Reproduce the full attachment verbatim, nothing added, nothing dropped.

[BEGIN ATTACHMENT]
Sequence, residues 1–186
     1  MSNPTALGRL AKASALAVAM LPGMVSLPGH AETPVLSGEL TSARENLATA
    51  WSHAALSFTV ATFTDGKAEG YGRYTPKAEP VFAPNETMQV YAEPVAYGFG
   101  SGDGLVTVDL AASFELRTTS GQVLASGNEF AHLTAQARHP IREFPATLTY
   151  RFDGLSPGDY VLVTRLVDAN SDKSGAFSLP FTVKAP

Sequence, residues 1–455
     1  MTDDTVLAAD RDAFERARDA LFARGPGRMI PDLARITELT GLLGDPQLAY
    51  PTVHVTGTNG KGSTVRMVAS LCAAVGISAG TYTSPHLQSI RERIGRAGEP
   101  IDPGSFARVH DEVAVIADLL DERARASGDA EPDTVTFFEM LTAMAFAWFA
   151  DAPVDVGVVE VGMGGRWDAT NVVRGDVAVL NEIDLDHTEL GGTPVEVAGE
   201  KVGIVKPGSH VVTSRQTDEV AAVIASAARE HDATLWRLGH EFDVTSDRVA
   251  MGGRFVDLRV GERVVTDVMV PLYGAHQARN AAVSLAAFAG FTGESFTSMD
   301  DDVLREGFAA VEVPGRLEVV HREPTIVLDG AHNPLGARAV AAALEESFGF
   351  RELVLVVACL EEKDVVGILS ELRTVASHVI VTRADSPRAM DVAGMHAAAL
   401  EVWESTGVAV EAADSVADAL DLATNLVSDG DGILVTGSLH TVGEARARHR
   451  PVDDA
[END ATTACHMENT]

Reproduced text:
Sequence, residues 1–186
     1  MSNPTALGRL AKASALAVAM LPGMVSLPGH AETPVLSGEL TSARENLATA
    51  WSHAALSFTV ATFTDGKAEG YGRYTPKAEP VFAPNETMQV YAEPVAYGFG
   101  SGDGLVTVDL AASFELRTTS GQVLASGNEF AHLTAQARHP IREFPATLTY
   151  RFDGLSPGDY VLVTRLVDAN SDKSGAFSLP FTVKAP

Sequence, residues 1–455
     1  MTDDTVLAAD RDAFERARDA LFARGPGRMI PDLARITELT GLLGDPQLAY
    51  PTVHVTGTNG KGSTVRMVAS LCAAVGISAG TYTSPHLQSI RERIGRAGEP
   101  IDPGSFARVH DEVAVIADLL DERARASGDA EPDTVTFFEM LTAMAFAWFA
   151  DAPVDVGVVE VGMGGRWDAT NVVRGDVAVL NEIDLDHTEL GGTPVEVAGE
   201  KVGIVKPGSH VVTSRQTDEV AAVIASAARE HDATLWRLGH EFDVTSDRVA
   251  MGGRFVDLRV GERVVTDVMV PLYGAHQARN AAVSLAAFAG FTGESFTSMD
   301  DDVLREGFAA VEVPGRLEVV HREPTIVLDG AHNPLGARAV AAALEESFGF
   351  RELVLVVACL EEKDVVGILS ELRTVASHVI VTRADSPRAM DVAGMHAAAL
   401  EVWESTGVAV EAADSVADAL DLATNLVSDG DGILVTGSLH TVGEARARHR
   451  PVDDA